Dalton is the solo-project of indie musician Nate Harar. A multi-instrumentalist, Harar writes and produces every track on his own, recording them in his tiny studio apartment. With this no-nonsense approach, his music conveys easy-to-digest verses and infectious hooks through stripped down piano and electric guitar – a nod to rock’s no-frills delivery of the early 1990’s.

The project began in 2012 when, tired of jumping from band to band, Harar decided to write and record on his own in his Brooklyn apartment. After posting some demos online under the moniker Dalton, the music began to grab the attention of several music sites and critics, lauding the music for its scrappy energy and effortless production. Yahoo! Voices exclaimed that “Dalton has delivered lo-fi pop at its best,” while Indie Rock Café echoed those sentiments, saying “Dalton has breathed new life into the genre”.

With this newfound acclaim, Harar continued to accumulate songs for what would become his debut album. During this time he also relocated from Brooklyn to Los Angeles. In February 2015, he released his self-titled debut album as Dalton on Fierce Panda Records. Of the album NME remarked “[t]here’s a joy to his melancholy… one that draws you in and holds you close until the song’s final notes”, while Drowned In Sound proclaimed it “…something of a triumph for its creator”.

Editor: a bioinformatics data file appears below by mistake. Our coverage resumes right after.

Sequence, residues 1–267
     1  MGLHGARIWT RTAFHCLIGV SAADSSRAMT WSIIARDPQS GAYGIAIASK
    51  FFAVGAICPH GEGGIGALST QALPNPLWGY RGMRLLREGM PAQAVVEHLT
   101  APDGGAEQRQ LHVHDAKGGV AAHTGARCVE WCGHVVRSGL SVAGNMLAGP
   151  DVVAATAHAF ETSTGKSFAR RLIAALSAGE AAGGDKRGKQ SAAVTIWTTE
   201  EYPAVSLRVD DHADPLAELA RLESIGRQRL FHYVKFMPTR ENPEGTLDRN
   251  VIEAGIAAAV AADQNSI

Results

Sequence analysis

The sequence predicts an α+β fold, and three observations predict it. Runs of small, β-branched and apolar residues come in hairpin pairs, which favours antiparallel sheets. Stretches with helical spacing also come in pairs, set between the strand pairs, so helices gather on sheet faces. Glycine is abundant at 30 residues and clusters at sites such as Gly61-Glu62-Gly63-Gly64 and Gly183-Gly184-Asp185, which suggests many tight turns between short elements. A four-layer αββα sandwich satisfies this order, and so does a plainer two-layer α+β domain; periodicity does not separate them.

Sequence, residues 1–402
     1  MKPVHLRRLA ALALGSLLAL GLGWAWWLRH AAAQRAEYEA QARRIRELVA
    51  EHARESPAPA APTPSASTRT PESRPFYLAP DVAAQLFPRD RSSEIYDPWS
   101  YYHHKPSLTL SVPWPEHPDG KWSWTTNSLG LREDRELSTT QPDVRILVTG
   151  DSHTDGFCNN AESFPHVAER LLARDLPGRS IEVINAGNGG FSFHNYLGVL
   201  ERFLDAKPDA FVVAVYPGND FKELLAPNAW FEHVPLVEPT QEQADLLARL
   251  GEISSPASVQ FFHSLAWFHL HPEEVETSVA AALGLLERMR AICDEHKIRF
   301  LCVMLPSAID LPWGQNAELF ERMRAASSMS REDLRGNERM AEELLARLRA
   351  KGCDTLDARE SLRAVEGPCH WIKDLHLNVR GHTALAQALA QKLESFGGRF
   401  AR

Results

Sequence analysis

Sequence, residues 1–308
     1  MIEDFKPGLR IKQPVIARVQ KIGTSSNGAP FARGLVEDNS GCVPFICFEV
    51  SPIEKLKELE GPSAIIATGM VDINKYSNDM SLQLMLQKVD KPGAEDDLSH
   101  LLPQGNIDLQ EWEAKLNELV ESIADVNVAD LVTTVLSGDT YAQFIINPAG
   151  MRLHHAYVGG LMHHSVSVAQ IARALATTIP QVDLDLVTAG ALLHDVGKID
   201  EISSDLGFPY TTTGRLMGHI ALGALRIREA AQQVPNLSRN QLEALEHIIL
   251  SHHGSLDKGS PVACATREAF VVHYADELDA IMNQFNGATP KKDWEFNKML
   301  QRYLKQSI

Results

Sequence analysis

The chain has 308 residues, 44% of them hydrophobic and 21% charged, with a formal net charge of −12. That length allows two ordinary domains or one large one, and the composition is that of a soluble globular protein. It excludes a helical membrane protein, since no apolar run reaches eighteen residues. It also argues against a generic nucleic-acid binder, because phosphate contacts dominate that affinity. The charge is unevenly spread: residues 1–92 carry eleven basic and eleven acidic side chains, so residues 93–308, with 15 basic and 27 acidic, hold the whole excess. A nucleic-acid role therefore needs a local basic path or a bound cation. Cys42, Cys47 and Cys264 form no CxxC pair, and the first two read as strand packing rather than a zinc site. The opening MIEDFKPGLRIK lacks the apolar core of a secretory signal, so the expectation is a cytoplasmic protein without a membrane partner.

Since the album’s release Harar has found himself in a state of flux, alternating between Los Angeles, Brooklyn and his hometown of Alexandria, Virginia. While continuing to write in his usual solitary method, the music began to take a more inward approach. Gone were the distorted guitars and strained vocals, replaced instead with acoustic instruments and strings. This new collection sounds less like The Replacements-inspired indie rock of his debut, and more akin to the introspective work of Peter Gabriel’s early albums.

While the delivery may have changed, the impactful melodies and incisive songwriting has not. As Dalton continues to progress so does the music, and there continues to be a through line underneath that hinges one song to the next, creating a cohesive narrative unmistakably his own.

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